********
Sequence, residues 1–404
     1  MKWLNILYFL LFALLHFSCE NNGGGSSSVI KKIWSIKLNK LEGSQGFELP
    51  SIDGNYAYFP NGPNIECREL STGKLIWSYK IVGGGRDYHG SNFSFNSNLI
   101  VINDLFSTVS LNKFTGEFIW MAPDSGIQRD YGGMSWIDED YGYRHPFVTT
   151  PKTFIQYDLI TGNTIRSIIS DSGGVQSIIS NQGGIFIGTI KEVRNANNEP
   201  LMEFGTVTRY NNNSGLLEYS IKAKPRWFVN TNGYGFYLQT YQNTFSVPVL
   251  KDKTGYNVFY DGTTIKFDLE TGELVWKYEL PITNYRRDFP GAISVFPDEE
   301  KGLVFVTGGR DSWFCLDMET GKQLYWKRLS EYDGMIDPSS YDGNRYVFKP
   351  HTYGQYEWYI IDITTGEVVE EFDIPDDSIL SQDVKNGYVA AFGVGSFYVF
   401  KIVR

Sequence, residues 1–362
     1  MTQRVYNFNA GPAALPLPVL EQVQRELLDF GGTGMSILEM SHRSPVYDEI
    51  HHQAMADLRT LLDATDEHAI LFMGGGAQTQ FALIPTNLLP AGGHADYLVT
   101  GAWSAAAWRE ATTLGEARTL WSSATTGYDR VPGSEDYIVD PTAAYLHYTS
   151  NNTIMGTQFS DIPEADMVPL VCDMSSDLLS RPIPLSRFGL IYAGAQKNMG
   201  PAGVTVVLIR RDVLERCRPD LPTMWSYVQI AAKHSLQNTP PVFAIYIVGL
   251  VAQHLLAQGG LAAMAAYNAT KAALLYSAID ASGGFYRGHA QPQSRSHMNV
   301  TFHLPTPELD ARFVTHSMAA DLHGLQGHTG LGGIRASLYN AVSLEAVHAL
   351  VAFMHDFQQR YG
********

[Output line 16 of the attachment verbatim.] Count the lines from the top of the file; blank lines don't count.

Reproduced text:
   201  PAGVTVVLIR RDVLERCRPD LPTMWSYVQI AAKHSLQNTP PVFAIYIVGL